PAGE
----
Internet of Things (Iot): Legal Considerations for Businesses

The Internet of Things (or, IoT) is a fast-growing, technological phenomenon which refers to the connection of objects to the internet via machine-to-machine communications (M2M), for example, by sensors, in order to collect real-life, real-time data of how we are interacting with the world around us. Everything from cars and wearables, to home and office appliances have all been integrated into this Internet of Things, and the list continues to grow.

For example, Samsung’s new “smart fridge” is one of the latest objects to be digitalized as it photographs the fridge’s contents every time its door closes and makes the photograph viewable to the consumer over the internet when the consumer goes shopping. The IoT is even being integrated into entire cities to create what are becoming known as smart cities, of which Barcelona is a primary example. By analysing the way ordinary objects are being used, the IoT opens the possibility of providing innovative solutions to everyday problems.

Undoubtedly, the opportunity for businesses to benefit is huge. By facilitating a greater understanding of how a businesses’ products are used, it allows for improved product development and marketing strategies. However, with 6.4 billion objects already connected in 2016, and the vast amount of data being generated, various legal issues arise which businesses have to take into account. The list below is by no means comprehensive, but provides an overview of some of these considerations:

Privacy and Data Protection

By equipping products with internet connectivity and data collection capabilities, companies could be exposed to potential liabilities regarding how the data they collect is stored and used. Currently all data collected by the IoT is regarded as personal data, as there is potential to cross reference data to reveal an individual’s identity. Therefore, companies will have to ensure that any data collection or processing of that data is according to the current regulations stipulated by the EU Data Protection Law.

Cyber security

Companies dealing with IoT devices, be it manufacturing or selling them, will have to seriously consider the security of these devices and if they meet standard security protocols and laws regarding data (encryption, etc.). A lapse in security could lead to them facing liabilities for a lack of data protection, as well as misrepresentation of products if the company has claimed the devices to be secure.

Data Ownership

All companies should determine who owns the data that is collected from the devices. This can be a grey area in many cases. Does the manufacturer claim ownership, the product designer, or even the service which is storing the data? Businesses should be clear on which third parties are able to access their data and who is granted or can claim ownership of it.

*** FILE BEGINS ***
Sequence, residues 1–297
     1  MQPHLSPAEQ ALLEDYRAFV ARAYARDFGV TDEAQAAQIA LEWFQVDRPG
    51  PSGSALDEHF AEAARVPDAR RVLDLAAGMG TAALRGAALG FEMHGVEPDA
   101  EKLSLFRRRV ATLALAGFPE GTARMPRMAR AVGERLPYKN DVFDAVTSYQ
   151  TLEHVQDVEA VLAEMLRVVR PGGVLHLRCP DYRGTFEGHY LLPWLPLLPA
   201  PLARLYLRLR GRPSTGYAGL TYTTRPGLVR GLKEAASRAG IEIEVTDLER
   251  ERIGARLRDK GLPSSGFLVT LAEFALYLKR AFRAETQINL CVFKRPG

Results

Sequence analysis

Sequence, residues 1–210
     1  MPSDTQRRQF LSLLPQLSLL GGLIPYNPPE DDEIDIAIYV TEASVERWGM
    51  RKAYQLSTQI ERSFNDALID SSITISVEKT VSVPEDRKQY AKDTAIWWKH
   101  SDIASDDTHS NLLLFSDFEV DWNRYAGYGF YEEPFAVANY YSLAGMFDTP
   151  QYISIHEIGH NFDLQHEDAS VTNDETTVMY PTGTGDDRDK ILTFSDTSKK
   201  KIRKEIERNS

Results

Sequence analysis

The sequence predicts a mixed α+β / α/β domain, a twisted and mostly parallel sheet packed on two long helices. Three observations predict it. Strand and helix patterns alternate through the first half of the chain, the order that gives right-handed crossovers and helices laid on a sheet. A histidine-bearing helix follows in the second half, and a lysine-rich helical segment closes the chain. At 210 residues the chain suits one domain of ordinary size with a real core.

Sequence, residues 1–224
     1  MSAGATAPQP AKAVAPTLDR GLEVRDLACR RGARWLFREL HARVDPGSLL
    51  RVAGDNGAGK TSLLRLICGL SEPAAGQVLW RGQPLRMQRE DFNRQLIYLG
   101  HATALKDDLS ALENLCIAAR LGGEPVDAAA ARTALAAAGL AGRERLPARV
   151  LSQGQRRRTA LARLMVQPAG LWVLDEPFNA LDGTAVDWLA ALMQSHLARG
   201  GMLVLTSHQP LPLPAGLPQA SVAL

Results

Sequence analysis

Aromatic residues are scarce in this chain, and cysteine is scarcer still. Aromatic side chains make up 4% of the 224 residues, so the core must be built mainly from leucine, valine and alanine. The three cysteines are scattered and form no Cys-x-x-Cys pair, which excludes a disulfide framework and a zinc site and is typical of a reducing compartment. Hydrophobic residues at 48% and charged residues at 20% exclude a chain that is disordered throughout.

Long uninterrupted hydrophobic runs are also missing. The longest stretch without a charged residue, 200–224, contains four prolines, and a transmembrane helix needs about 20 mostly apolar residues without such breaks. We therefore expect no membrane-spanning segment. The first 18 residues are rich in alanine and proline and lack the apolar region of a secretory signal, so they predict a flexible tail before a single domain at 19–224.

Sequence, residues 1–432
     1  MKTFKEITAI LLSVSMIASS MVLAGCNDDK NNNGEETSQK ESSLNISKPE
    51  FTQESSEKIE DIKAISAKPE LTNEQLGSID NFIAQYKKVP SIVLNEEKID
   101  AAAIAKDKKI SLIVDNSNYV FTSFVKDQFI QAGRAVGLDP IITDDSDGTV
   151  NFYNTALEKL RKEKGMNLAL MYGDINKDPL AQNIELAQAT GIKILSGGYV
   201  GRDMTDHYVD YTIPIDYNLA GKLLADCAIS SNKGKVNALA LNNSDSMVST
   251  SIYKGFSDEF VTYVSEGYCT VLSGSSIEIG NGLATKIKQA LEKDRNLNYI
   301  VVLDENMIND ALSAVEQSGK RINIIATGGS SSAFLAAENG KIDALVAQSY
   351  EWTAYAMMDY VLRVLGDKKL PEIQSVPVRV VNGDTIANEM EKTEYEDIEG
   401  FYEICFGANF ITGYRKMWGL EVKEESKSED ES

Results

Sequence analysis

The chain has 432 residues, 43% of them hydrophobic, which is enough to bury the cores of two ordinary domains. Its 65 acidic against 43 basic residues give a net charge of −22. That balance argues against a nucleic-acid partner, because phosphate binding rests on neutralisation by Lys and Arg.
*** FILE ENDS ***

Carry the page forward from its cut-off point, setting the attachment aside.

IoT in the workplace

Even for companies that are not directly involved in the IoT, there is still the potential for liabilities when adopting these devices in the workplace. For example, if such technology is collecting data on employees. In this case, businesses have to ensure that their existing employment contracts, etc. are up to date and include an agreement on data collection.

The technological advancement of the IoT is moving at such a rapid pace that it is still considered a grey area from a legal perspective, as it remains unclear how it is being regulated. Many regulations and laws are being modified and created as and when needed to meet the demands. Current regulation of the IoT is being spearheaded at the EU level, so businesses will have to ensure they are complying with the EU laws on data protection, etc.

Conclusion

The IoT is a rapidly growing phenomenon/sector, which presents a huge opportunity for businesses that choose to invest in it at this early stage. However, they will have to consider the legal implications of the IoT and keep up to date on any new laws which arise in response to this technology. The regulation of the IoT is as complex as the technology itself. Since it is cross-border in nature, the laws which govern it are being established at the EU level. As regulators are continually responding to it with new and updated laws to ensure the protection of individuals and their data, it is vital that businesses are appropriately informed of the legal requirements to avoid any potential liabilities that they could face.

This article is not considered as legal advice

Jodie Fothergill & Karl H. Lincke

Karl H. Lincke

As an Abogado & Rechtsanwalt, Karl H. Lincke is a Partner at Mariscal Abogados and specialises in M&A, Company law, TMT law and Real Estate law. Working languages: Spanish, German and English. For any further enquiries please Contact us